August 17, 2012

Arlington to use ground spraying in fight against West Nile virus

Arlington decides to spray in three areaa, while Fort Worth's dispersal of the insecticide permethrin gets under way.

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Arlington will start ground spraying for mosquitoes in three areas of the city, officials announced Friday, yet one more North Texas city to ramp up the offensive against West Nile virus.

Spraying will occur Sunday, Monday and Tuesday nights, weather permitting, between 10:30 p.m. and 4 a.m., around Jake Langston Park, Arlington Municipal Airport and Doug Russell Park, according to a city news release.

Also Friday, family members told the Star-Telegram that an 83-year-old North Richland Hills woman died Wednesday of West Nile-related encephalitis. Authorities have not confirmed the cause of death.

A daughter found Dorris Worsham, a retired teacher in the Keller school district, very ill inside her locked house Aug. 9. She was taken to a hospital, where she died.

Tarrant County Public Health officials said Friday that they had not received notification of Worsham's death. Physicians are asked to report deaths related to West Nile virus but are given a week to do so, an official said.

The agency has confirmed two such deaths this year, a Euless woman in her 60s and a Fort Worth man in his 80s. Both had underlying health conditions, officials said.

In Fort Worth, spraying of the insecticide permethrin began about 10:50 p.m. in parts of the 76104 and 76110 ZIP codes south of downtown. Weather permitting, trucks will spray again tonight and Sunday night, city officials said.

On West Magnolia Avenue, which bisects the area, a lively crowd was out about 10 p.m. enjoying milder weather.

Some were aware of the spraying to come but didn't care. Others were surprised to learn about it.

"That infuriates me," Marta Rozanich said.

She called it "chemical warfare."

"They've gone 20 years without spraying ... and I don't see any benefits versus the repercussions, especially for kids and pets," she said.

Several blocks away, at Nonna Tata restaurant, friends seated outside laughed off any potential danger.

Jeanne Jones said that a night out with longtime friends took precedence over any fears.

"I've weathered many storms," she said. "This doesn't faze me. Some of my neighbors are staying in, but that isn't how I roll."

Last week, Arlington Fire Chief Don Crowson told the City Council that ground spraying was not the first line of defense against the virus but that the city could consider it "in a targeted way."

On Friday, he said in an e-mailed statement: "The city has been actively testing mosquitoes for a number of weeks and monitoring the results. We've been watching trends and reacting accordingly, and now we are at the point where targeted spraying in some places is the best option."

The city will use a low concentration of water-based permethrin in areas where larvicide and other measures have not worked.

"We're working to limit potential impacts of mosquito spraying on beneficial insects, fish, pets, and, of course, anyone who might be sensitive to the mosquito control agent," Crowson said.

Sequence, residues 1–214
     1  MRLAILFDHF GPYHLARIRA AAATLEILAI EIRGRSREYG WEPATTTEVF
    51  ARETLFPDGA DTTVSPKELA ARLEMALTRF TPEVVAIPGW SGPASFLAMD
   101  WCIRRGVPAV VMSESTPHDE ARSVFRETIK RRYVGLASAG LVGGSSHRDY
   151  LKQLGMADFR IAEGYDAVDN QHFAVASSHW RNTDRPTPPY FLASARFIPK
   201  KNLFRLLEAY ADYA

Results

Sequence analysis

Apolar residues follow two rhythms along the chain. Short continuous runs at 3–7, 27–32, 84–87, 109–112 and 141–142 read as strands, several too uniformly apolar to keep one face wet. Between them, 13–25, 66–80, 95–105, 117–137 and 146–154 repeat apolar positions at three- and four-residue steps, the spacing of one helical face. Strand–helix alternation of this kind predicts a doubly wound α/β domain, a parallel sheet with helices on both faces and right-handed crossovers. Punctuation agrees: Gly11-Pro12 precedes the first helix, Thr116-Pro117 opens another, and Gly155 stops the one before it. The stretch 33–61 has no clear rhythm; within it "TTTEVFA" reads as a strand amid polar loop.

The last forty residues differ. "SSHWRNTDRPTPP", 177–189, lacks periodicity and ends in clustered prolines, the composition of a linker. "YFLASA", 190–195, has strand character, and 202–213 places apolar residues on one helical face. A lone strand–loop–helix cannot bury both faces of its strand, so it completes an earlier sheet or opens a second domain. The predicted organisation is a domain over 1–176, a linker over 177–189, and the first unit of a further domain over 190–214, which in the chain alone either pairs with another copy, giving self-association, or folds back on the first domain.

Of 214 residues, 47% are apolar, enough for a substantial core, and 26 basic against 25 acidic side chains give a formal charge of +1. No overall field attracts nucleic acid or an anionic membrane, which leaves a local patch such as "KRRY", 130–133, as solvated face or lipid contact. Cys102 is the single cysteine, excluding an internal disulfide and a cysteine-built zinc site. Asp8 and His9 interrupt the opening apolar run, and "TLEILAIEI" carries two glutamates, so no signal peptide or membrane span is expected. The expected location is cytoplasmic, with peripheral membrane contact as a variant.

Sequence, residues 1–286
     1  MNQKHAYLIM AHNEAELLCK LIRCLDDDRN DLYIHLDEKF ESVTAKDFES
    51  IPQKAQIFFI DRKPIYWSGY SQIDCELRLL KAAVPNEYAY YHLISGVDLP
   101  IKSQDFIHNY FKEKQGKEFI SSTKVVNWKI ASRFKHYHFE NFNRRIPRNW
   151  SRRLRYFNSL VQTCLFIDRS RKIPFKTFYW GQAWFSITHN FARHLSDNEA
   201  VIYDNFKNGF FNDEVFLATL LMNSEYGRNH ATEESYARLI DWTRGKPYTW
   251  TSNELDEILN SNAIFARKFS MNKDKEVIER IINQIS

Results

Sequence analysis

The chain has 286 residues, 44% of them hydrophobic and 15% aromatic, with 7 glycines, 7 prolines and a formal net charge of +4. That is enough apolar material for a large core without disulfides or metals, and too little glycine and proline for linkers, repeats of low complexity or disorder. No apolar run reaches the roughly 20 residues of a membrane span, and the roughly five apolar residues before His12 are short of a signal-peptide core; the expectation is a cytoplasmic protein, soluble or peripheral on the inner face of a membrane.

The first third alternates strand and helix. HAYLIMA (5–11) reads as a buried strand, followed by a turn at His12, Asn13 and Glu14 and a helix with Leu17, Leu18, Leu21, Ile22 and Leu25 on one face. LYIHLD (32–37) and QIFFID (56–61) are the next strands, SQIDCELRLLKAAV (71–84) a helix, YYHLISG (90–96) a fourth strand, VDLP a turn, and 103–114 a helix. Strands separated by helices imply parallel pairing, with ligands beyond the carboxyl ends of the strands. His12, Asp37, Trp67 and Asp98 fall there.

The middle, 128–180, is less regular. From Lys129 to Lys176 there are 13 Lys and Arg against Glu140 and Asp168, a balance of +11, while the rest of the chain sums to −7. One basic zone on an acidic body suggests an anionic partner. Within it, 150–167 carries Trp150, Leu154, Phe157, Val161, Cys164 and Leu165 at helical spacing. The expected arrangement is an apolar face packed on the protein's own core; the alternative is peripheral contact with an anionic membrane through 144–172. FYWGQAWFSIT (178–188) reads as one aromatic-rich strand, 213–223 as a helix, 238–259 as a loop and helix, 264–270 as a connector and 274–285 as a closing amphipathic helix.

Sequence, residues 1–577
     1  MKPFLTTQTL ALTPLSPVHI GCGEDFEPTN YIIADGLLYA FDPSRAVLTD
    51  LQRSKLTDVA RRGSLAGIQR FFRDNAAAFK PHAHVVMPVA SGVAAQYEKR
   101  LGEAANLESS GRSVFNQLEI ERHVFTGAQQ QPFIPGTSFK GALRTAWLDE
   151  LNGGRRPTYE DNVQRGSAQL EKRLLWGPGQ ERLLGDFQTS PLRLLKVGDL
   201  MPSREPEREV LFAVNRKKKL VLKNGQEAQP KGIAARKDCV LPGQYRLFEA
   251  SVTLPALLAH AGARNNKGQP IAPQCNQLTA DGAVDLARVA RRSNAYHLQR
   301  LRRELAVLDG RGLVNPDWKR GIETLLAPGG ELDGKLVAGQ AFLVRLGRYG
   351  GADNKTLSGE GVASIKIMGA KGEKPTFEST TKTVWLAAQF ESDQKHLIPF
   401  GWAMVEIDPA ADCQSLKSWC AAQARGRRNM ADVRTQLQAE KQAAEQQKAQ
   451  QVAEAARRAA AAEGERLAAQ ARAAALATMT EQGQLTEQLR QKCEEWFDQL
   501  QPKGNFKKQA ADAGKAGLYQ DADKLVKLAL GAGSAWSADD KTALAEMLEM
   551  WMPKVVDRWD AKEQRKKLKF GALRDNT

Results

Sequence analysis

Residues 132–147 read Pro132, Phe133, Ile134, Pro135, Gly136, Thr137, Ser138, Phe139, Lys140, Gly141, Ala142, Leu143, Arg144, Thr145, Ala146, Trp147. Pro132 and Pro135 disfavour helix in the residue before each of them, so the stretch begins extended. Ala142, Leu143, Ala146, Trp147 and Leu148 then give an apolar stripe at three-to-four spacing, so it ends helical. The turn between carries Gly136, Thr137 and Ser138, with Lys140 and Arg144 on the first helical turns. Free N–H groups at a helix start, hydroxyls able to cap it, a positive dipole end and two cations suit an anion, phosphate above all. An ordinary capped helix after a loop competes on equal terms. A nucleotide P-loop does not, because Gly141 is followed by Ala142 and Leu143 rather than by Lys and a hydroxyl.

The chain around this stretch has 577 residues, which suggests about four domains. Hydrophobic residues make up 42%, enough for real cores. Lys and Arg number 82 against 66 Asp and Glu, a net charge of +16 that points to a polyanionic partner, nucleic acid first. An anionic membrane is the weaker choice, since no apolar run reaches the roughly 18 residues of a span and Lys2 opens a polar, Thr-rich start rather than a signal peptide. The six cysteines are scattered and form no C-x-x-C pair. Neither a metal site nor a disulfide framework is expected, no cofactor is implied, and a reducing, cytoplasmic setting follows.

Asked why the Fire Department was put in charge of the program, Crowson said the department is involved in issues that require logistical resources and public health issues.

“We’re pretty good at managing these sort of things,” Crowson said.

Worsham’s air conditioner had gone out last week, and she left windows open in her home, Reynolds said.

Worsham had a number of ailments, including diabetes, another sister, Gloria Dean said. But she still drove her own car and was sharp mentally, Reynolds said.

“By the time she had died, she had lost most of her brain function,” Dean said.

It took a few days in the hospital before West Nile encephalitis was diagnosed. Doctors drew spinal fluid and grew a culture to find the virus, which takes several days, he said.

“People need to know that this is a horrible way to die,” Worsham said. “The nerve system shuts down, you lose control of bodily functions, you’re unable to breathe on your own, unable to talk, unable to tell your loved ones how you feel.”

According to the Centers for Disease Control and Prevention, about one in 150 people who are diagnosed with West Nile infections are struck with the encephalitic variety.

The West Nile virus elicits a wide range of disease responses. Some people never develop symptoms after being exposed to the virus. For some others who do not die, exposure to the West Nile virus ruins their lives.

According to Jim Kennedy, a biology professor at the University of North Texas, the area may see a lull in West Nile virus cases. In Denton County, where there have been 96 human cases and one death, surveys have shown a reduction in the mosquito population and in the number of mosquitoes that are testing positive for the virus.

“Two months ago when we would sample the 12 sites around Denton, about half would be positive for West Nile,” Kennedy said. “In the past two weeks, maybe one or two sites have been positive. In the past week, no sites tested positive.”

If it rains this weekend however, that lull in mosquito population may quickly disappear as new mosquitoes fill the void, Kennedy said.

“We may see resurgence in the mosquito population,” Kennedy said. “I expect that mosquito populations will respond to these rains.”

Mitch Mitchell, 817-390-7752

Twitter: @mitchmitchel3

Marty Sabota, 817-390-7367

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